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Obama advocates for college affordability

By Stephen Underwood
On April 25, 2012

President Barack Obama has been on the move visiting college campuses in an attempt to reach out to young voters. In a three state stop, Obama visited UNC-Chapel Hill, and the University of Colorado at Boulder, yesterday. The President also plans to talk to students at the University of Iowa in Iowa City. Obama's main message is to address students about the rising costs of student loans and interest rates.

President Obama also reached out to college reporters, yesterday. After leaving the UNC campus, the President boarded Air Force One and had a conference call with college reporters across the country. In an attempt to make sure the message gets out and that students raise their voices about the rising interest rates concerning student loans, college reporters had the opportunity to ask questions and listen in.

Obama would speak on the rising concerns of college affordibility and attainability. The President would address issues such as student loans, rising interest rates, and student debt.

"7.4 million students with federal student loans could see their interest rates double on July 1st unless Congress steps up and does what it needs to do. .. I've always believed that we should be doing everything we can to help put higher education within reach for every single American student -- because the unemployment rate for Americans with at least a college degree is about half the national average," Obama said.

The President would point to the average incurring amount college students owe after graduating as an indicator of alarm. Revealing that more American's cannot afford to go to college due to rising costs and families left with more debt tied into student loans than credit cards.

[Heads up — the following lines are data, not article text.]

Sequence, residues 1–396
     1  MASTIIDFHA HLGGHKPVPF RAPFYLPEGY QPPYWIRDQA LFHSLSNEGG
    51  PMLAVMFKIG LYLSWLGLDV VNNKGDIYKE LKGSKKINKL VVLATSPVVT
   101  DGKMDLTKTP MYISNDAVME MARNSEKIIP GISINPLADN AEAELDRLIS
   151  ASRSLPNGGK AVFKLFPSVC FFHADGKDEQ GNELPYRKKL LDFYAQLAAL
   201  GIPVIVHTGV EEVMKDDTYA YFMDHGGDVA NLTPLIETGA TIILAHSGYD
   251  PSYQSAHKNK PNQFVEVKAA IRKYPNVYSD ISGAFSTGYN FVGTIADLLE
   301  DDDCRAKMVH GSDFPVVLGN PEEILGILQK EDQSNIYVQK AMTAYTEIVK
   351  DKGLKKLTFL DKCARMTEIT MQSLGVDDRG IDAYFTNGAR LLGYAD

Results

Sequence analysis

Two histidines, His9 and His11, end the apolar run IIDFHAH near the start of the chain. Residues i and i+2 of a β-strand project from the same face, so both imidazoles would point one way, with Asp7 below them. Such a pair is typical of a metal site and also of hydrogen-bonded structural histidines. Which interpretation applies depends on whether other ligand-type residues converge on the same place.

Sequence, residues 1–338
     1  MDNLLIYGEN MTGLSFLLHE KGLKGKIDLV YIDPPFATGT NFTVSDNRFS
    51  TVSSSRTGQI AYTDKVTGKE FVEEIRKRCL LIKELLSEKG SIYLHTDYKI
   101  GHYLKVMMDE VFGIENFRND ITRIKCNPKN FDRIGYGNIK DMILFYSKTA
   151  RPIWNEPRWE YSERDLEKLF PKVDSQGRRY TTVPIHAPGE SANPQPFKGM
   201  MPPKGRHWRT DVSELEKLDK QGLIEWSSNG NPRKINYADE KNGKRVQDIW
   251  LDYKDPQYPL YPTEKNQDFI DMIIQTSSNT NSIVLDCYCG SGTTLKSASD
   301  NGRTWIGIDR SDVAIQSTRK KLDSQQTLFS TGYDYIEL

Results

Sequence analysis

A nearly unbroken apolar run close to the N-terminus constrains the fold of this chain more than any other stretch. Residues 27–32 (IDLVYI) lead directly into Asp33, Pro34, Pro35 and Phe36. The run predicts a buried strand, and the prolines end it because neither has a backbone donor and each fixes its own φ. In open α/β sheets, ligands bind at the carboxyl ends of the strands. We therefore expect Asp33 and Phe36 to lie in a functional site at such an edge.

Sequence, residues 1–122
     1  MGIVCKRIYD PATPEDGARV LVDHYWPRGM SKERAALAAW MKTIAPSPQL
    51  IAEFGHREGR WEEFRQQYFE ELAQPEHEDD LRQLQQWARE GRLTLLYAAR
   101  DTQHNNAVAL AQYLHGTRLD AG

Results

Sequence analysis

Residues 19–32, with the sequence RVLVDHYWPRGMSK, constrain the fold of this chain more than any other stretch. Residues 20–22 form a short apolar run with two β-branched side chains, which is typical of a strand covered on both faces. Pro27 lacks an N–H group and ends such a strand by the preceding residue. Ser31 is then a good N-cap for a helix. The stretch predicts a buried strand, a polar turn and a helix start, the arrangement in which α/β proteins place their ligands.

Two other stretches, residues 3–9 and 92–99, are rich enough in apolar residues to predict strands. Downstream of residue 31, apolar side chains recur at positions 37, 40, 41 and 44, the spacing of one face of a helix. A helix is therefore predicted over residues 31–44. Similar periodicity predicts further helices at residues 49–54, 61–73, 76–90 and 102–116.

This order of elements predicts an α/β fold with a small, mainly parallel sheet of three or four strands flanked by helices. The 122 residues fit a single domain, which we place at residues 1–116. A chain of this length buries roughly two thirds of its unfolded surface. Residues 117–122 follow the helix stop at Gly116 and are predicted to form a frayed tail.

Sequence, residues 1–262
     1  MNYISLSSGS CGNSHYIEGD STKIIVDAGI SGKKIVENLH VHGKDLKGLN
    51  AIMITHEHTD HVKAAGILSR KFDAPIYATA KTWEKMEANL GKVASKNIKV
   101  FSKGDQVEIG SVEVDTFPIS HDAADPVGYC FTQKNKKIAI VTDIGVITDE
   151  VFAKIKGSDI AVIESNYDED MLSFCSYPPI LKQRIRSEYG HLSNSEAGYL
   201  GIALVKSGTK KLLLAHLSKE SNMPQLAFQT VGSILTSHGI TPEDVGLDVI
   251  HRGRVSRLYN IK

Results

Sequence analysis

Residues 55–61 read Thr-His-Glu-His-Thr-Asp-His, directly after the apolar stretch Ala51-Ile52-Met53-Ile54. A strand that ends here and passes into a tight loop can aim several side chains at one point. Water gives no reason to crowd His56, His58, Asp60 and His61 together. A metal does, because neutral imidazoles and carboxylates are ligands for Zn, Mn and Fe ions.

"Students who take out loans to pay for college graduate owing an average of $25,000 a year...For a lot of working families, the idea of owing that much money means higher education is simply out of reach for their children. And for the first time now we've got Americans owing more debt on their student loans than they do on their credit cards," Obama said.

The President would also point to the work that's been done in helping college remain affordable to students. Obama would address efforts to extend Pell grants, grant tax credits to middle class families, and extend healthcare coverage for the young.

"We've already taken some important steps to make college more affordable. So, for example, we extended Pell grants to 3 million more students, and we signed a tax credit worth up to $10,000 to help middle-class families cover the cost of tuition. We've eliminated a major expense for young people by allowing young adults to stay on their parent's health insurance plans until they're 26," Obama said.

The President would end on making sure that students voice their concerns over the proposal to raise interest rates on student loans to members of Congress. Obama encouraged student activism in keeping college affordable and keeping the promise of American higher education an attainable reality.

"Let Congress know that they need to do the right thing...Because we don't want Congress to double the interest rates on so many students. We need to reward hard work and responsibility. And part of that is keeping interest rates on student loans low so more Americans get a fair shot at an affordable college education, the skills they need to find a good job, and a clear path to the middle class that's not blocked by a mountain of debt." 


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